Feeling the squeeze: What is a squeeze page and how can you create one?
Squeeze pages, landing pages, splash pages…
Feeling lost in a jungle of marketing jargon?
Don’t worry, by the time you’ve finished reading this article; you’ll know exactly which pages you need to get a better grip on your target audience.
We all know that lead generation is crucial to the success of any business. The more leads you collect, the more opportunities you have for sales.
Most of the time, leads are captured through opt-in email addresses. Thanks to GDPR, you can’t just buy an email list anymore, you need your customers to actively agree to receiving messages from you. Unfortunately, convincing would-be clients to hand over their personal details isn’t easy. After all, no-one wants more spam in their inbox.
A squeeze page is how you convince your prospects that the value you have to offer is worth their email or contact details. With a high converting squeeze page, you push, motivate and convince a visitor into agreeing to join your conversion list.
The better your squeeze page design, the more likely you are to mold visitors into potential customers. Over time, your squeeze pages will help you to build your pipeline, reach out to a more targeted audience with your marketing campaigns, and turbo-charge your profits.
Here, you’re going to learn what these unique online assets are, how they differ from landing pages, and how to set up a squeeze page that resonates with your audience.
Let’s get squeezing.
What is a squeeze page? Your squeeze page definition
So, what is a squeeze page?
At its core, a squeeze page is a form of landing page, but not all landing pages are squeeze pages. Most squeeze pages are inherently simple, short, and have very few form fields to fill in.
Most importantly, there should never be anything on your squeeze page that allows your customer to go elsewhere. That means no links to your home page and no navigation bar. With a squeeze page, your customers either opt-in or they go elsewhere.
It doesn’t matter what you want to accomplish online; whether you’re selling products, services or building a reputation for your brand, a squeeze page is how to set yourself up for future success. When you learn how to create a squeeze page, you discover how to:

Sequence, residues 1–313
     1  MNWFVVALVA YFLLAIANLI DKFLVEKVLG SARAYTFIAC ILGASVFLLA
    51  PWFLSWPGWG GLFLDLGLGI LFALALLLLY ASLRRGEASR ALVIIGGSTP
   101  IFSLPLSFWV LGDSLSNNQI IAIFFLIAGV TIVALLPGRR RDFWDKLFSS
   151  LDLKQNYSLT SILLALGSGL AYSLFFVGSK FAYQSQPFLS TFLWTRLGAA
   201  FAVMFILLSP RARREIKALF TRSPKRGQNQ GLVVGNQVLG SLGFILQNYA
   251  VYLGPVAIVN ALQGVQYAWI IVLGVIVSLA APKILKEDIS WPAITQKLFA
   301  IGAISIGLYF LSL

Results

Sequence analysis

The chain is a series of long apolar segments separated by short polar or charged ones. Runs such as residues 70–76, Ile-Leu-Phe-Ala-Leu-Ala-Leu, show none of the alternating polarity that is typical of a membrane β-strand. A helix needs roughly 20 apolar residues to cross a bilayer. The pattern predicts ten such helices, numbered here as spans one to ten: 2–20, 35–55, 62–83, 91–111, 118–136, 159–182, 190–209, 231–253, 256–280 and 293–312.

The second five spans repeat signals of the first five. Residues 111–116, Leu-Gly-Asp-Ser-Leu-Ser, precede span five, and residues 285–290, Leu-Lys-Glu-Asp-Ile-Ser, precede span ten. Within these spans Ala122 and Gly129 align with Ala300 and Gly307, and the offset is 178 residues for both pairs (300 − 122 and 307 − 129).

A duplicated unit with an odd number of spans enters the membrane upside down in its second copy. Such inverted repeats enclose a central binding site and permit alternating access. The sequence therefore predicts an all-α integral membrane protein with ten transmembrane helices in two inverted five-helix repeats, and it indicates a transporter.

Increase readership or subscriber opportunities for your blog.
Create a dedicated audience for marketing campaigns.
Get repeat visitors and loyal fans for your site.
Increase your chances of generating more sales.
Track conversions and improve your online presence.
Squeeze page vs. landing page: What’s the difference?
As we mentioned above, your website squeeze page is a sub-type of landing page.
Landing pages are a critical part of your digital marketing strategy, and they’ve been around since the dawn of internet marketing. A landing page is a standalone domain on your website that aims to achieve a specific goal. For instance, you might have a page that asks people to sign up for a free trial of your new product or a page that asks for subscribers for your blog.
A landing page conversion can be something as simple as a click onto the next page of your website, or something as personal as asking for credit card information.
If we look at a squeeze page definition in closer detail, however, we find something far more focused. Squeeze pages only exist to collect the name and email address of a potential lead. The way your squeeze pages collect this information is by using a ‘lead magnet’ or offer to provide customers with value in exchange for their details.
Squeeze pages are similar to landing pages, but they concentrate specifically on lead generation. The concentrated nature of squeeze page design is why these assets are so clear and concise. When your customer lands on a squeeze page, they should have only two options: follow the call to action or hit the ‘back’ button on their browser.
Squeeze pages are valuable for many reasons. First, they give your customers the extra push they need to take positive action on behalf of your brand. Secondly, a great WordPress squeeze page makes it easy to calculate your conversion rate. All you need to do is look at two things: